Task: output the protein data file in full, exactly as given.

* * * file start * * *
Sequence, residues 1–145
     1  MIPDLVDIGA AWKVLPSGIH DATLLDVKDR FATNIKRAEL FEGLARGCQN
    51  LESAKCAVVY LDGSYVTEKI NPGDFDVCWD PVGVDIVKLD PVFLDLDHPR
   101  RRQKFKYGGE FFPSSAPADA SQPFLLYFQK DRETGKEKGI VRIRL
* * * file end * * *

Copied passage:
Sequence, residues 1–145
     1  MIPDLVDIGA AWKVLPSGIH DATLLDVKDR FATNIKRAEL FEGLARGCQN
    51  LESAKCAVVY LDGSYVTEKI NPGDFDVCWD PVGVDIVKLD PVFLDLDHPR
   101  RRQKFKYGGE FFPSSAPADA SQPFLLYFQK DRETGKEKGI VRIRL